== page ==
Despite opposition from the German government, the House Foreign Affairs Committee approved legislation on Tuesday requiring insurance companies doing business in the U.S. to disclose all Holocaust-era insurance policies and allow survivors and heirs to sue over unresolved claims.
“It is totally unacceptable that out of 870,000 life insurance policies covering Jews prior to the outbreak of World War II, only 17,000 of those
policies have been paid,” Rep. Robert Wexler (D-Fl.) said in a statement.
Proponents are still looking for a sponsor in the Senate, and the bill’s fate before the full House of Representatives is uncertain. The White House has not commented on the matter.
Wexler said he believed that the International Commission on Holocaust Era Insurance Claims (ICHEIC), which ended its work in March, failed to adequately identify and pay potential policyholders. Wexler noted that fewer than 5 percent of the policies believed sold to Jews at the start of the war were paid by ICHEIC.
In a letter to Rep. Tom Lantos (D-Ca.) opposing the bill, German Ambassador Klaus Scharioth said Germany considers ICHEIC a “success” and noted that 52 percent of those who filed claims received some form of compensation. He said Germany does not believe there are a significant number of unresolved insurance claims.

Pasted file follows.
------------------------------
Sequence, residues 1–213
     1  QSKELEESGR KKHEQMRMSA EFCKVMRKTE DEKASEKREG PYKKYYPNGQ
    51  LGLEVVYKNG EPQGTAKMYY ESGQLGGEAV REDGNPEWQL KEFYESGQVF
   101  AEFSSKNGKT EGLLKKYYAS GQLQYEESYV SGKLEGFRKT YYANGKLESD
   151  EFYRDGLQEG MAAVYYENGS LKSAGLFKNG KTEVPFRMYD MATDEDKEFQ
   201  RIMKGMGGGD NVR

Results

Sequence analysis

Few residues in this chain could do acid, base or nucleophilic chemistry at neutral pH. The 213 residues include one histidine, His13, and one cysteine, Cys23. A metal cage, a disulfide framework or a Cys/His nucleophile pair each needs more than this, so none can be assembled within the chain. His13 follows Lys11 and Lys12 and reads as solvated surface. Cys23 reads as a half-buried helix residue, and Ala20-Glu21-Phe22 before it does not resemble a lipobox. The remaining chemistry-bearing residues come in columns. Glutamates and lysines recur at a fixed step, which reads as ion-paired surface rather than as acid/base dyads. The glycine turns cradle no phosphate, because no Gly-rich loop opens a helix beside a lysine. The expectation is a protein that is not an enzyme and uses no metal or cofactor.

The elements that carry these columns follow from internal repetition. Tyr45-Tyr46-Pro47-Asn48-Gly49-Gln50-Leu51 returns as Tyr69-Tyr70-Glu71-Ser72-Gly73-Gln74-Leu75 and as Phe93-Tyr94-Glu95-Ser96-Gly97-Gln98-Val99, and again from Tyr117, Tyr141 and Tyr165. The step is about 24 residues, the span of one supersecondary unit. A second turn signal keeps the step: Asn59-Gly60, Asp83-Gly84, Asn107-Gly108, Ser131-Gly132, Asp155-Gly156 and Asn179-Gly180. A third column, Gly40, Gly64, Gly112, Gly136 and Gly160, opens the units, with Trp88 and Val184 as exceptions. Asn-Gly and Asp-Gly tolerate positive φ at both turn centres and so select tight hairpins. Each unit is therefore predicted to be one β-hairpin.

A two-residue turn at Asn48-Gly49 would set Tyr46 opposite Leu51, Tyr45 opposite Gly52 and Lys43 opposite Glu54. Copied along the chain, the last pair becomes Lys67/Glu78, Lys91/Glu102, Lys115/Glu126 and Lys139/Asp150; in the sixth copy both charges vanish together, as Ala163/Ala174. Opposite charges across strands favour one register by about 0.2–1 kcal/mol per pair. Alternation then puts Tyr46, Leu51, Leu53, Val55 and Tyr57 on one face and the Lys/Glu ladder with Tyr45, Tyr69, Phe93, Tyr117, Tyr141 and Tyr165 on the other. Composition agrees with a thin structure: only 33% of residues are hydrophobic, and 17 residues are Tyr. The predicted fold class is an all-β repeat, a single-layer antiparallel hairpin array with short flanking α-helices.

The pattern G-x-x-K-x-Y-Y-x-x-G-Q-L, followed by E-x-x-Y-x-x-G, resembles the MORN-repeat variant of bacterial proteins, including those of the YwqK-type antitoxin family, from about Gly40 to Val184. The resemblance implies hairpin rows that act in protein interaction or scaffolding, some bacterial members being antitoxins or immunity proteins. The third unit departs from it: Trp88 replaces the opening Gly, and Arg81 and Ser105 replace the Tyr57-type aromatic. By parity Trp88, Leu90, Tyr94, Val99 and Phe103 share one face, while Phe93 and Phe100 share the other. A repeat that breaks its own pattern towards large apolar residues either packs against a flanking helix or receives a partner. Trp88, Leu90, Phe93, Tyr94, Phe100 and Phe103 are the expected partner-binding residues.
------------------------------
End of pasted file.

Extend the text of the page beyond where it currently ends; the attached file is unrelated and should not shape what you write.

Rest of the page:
In exchange for cooperating with ICHEIC, the insurance companies were promised “legal peace,” Scharioth noted. Were this bill now to pass Congress and become law, he warned, “it would certainly jeopardize the possibility of compensating large numbers of Holocaust survivors through voluntary contributions, for example, by industry. … [It] would at the same time jeopardize future agreements that would really serve to benefit Holocaust survivors in dire need of help, in particular those unable to afford litigation.”
But Alex Moskovic, a survivor from Hobe Sound, FL., said the 52 percent figure cited by ICHEIC is misleading. Of the 48,000 claims settled, only 17,000 were paid for their policies, he said, adding that he was among the other 31,000 who were given a $1,000 check from a humanitarian fund.
“They gave us the check to keep our mouths shut,” he said. “The letter that came with the check said this was a good will gesture and that they would
continue looking to see if any of our families had insurance policies.”
Moskovic said the Generali insurance company printed the names of his father and uncle as two of those who had policies. But he said the company
has yet to pay him.
Roman Kent, an officer of the Conference on Material Claims Against Germany, said even though ICHEIC stopped functioning in March, it was agreed that insurance companies would still have to continue “processing survivors’ claims.”
“What else do you want?” he asked. “Nobody has taken away the right to file claims.”
But Moskovic said that if the legislation in Washington became law, he could sue the insurance companies, and his lawyer could press the claim in court. Without that, he said, he is at the mercy of the insurance companies to properly handle the claim.